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tl;dr- Quantum computers can't really help us to simulate the whole universe as the universe is likely vastly more complex than even quantum mechanics can capture, plus we can't even begin to guess how big it is or many other basic fundamental features. In short, simulating the whole universe is beyond sci-fi. We can't really simulate the entire universe, ...


4

It seems this problem is open. Watrous [J. Comp. Sys. Sci. 59, (pp. 281-326), 1999] proved that any space $s$ bounded quantum Turing Machine (for space constructible $s(n)>\Omega(\log n)$) can be simulated by deterministic Turing machine with $O(s^2)$ space. With the assumption $\mathsf{P \neq SC}$ (where $\mathsf{SC \subseteq P}$ is defined as ...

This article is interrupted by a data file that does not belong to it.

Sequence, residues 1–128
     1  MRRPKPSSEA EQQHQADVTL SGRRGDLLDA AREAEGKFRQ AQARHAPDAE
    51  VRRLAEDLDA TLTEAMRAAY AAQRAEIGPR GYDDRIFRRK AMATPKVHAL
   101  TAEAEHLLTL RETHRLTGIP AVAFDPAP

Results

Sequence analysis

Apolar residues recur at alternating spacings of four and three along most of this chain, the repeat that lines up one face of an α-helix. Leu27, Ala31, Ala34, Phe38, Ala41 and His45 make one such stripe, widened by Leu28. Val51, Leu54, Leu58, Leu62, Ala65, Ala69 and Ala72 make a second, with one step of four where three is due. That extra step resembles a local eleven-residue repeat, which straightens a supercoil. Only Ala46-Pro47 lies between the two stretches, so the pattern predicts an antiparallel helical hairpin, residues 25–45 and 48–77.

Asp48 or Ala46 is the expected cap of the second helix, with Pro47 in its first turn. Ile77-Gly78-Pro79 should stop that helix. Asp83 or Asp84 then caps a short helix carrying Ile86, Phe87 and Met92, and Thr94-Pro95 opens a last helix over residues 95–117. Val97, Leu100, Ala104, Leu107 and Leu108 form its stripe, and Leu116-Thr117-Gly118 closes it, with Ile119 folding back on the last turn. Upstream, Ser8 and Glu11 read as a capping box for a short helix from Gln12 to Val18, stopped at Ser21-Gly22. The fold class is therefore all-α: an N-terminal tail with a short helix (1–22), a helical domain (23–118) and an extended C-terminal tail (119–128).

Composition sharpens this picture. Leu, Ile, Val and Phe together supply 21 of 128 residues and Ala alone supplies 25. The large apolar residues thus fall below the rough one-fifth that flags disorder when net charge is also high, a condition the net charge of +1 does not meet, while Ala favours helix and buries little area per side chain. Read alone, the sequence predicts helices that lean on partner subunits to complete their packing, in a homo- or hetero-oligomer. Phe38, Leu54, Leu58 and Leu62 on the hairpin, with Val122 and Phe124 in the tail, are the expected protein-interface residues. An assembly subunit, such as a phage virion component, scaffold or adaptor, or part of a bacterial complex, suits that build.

3

It's not so much a matter of big data, but that of saving data. Quantum storage is still (much like the rest of the field) in its infancy. (Take what I write with a grain of salt. It's likely to change rapidly.) There are a few theories on how quantum computers might be able to hold "memory". One of these is using nuclear spin. E.g. using long-lived ...


3

This doesn't exactly answer your question, but it may aid you in understanding the problem and possibly the solution: In their paper "Breaking the 49-Qubit Barrier in the Simulation of Quantum Circuits" (arXiv:1710.05867), the authors describe simulating a 49-qubit and a 56-qubit quantum computer. According to the paper, they required 4.5 Terrabytes of RAM ...


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